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Question DetailsAsked on 2/4/2018

We have a leak behind our bathtub wall, which makes a dripping noise when the sink, toilet or shower runs?

Our upstairs bathtub, which is tub with surround, seems to have a leak. There is a dripping noise when the sink is turned on, or the toilet is flushed, that comes from behind the wall of the bathtub. When the shower is running, water is dripping down the pipes down to the basement floor. Unfortunately, on the other side of the wall is our other bathtub with surround, so without completely tearing out the bathtub (which we are preparing to do), we can't access the pipes. Any suggestions on methods to figure out what the leak is before demolishing our bathtub?

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Whoa - tearing out a surround would be a last choice - you can commonly access this from below, or sometimes in a pinch up through the wall itself by cutting out a piece of bottom plate to access the stud bay where the leak is. Remember, drain pipe leaks (except for vertical stacks) are low in the wall or in the floor, so the leak likely not really up behind the surrounds at all, or at least not very far. May well be exposed under the tub or in the subfloor.


Here is a typical layout for bathroom drain lines:


http://www.nrcmedicaldivision.com/bat...


I would access from below, using a fiber optic camera. It is pretty certain that, since this occurs with flow from several sources, and only when water is being drained, that you have a DWV (drain, waste, vent) branch (nearly horizontal collector line for the bathrooms, probably 3" or maye 4") or stack (ditto but the vertical run between floors) leak. Or possibly, assuming the tub is the most downstream of the fixtures on the line, a leak in the tbu trap (which may be partly filling from water in the line from other uses as well) - which leaks when it fills to capacity. That drain lateral (tying the basin, toilet, and tub/shower together) is pretty much universally run in the subfloor - so exposed from below if you open up underlying ceiling.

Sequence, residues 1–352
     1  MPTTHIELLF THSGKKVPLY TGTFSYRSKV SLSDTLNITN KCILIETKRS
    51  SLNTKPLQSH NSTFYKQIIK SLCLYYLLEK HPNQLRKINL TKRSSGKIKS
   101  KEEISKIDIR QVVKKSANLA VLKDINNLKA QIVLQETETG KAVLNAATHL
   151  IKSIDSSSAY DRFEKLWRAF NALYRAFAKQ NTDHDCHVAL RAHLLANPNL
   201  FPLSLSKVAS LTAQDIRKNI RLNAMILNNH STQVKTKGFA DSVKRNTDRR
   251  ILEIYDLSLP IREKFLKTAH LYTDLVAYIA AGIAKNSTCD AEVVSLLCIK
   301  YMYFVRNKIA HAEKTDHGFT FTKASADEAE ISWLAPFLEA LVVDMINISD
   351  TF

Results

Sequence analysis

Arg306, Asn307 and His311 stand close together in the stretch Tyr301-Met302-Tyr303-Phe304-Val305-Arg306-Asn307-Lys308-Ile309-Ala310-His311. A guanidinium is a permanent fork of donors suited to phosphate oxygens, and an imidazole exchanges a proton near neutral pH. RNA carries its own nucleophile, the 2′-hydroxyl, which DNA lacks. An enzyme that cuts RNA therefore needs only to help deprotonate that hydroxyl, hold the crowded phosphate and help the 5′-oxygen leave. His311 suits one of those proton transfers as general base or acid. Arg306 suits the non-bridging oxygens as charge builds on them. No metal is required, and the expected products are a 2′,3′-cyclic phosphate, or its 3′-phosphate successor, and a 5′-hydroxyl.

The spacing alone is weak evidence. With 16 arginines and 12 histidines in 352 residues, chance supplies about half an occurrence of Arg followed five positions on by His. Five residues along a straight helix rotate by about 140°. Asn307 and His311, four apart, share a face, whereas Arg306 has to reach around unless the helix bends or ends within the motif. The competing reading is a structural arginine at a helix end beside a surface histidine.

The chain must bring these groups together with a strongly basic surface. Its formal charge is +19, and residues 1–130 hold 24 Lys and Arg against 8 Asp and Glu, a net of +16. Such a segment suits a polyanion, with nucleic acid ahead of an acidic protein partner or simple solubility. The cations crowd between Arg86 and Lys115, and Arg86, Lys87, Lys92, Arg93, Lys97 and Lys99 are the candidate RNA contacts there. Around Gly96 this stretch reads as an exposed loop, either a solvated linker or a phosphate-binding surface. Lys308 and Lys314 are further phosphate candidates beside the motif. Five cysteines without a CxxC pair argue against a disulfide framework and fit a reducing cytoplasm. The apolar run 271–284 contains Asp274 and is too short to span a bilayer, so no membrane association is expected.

A fiber optic scope or camera typically take a 1/2-3/4" hole for it to run through (so easily patched and touched up) and if initially brought in under the tub near the wall will likely showthe leak. Or ifthe leak is in the vertical stack, the hole may need to be in the wall.


Since it is dripping down the pipes to the basement, actually sounds like it is coming from very near to the junction of the lateral branch and the vertical stack - so perhaps going in about 1-2 feet from the top of the wall the stack runs in would be best - enabling you to see pretty much the entire height of the stack in that area. And wall hole patches are generally less noticeable than ones in the ceiling. Of course, if you trace the drip source with a stethoscope ($10-20 at pharmacies) you should get closer before you put in an inspection hole - remember the drip sound will be BELOW the leak.


One to three holes is usually enough to tie down the location of a leak - then of course a working size hoe needs to be put in the drywall to actually do the repair, which might be a replacement of a piece of cracked pipe, releading a joint in a cast iron DWV line, or perhaps putting on a repair clamp wrap-around coupling over a leak if a lot of work to repair it by replacement. (A good metal-shielded coupling will last 20+ years usually in interior use).


There are also epoxy and fiberglass repair wraps for pipe leaks like this - not my favorite but some plumbers and a lot of homeowners and handymen use them.


Some plumbers have fiber optic scopes - or you can rent yourself at Home Depot, tool rental places, some auto parts stores for about $10-20/day for a handheld to-the-eye flexible "scope" or $20-40/day for a "camera" type which has a small color screen which shows the image.


Be sure to dry the wet area out before closing the wall up - a good few hours to half day of strong fan blowing in the inspection hole or vacuum connected to it (do not make hole so small in that case that the vacuum motor "winds up" or significantly changes pitch, indicating it is experiencing too much of a restriction of flow, which can cuase motor overheating) will commonly dry it out. Of course, if the camera shows rot/fungus then you may need to open up more to see the extent of damage and possibly get that repaired by a a Remodeling - Kitchen and Bath contractor.

Answered 9 months ago by LCD




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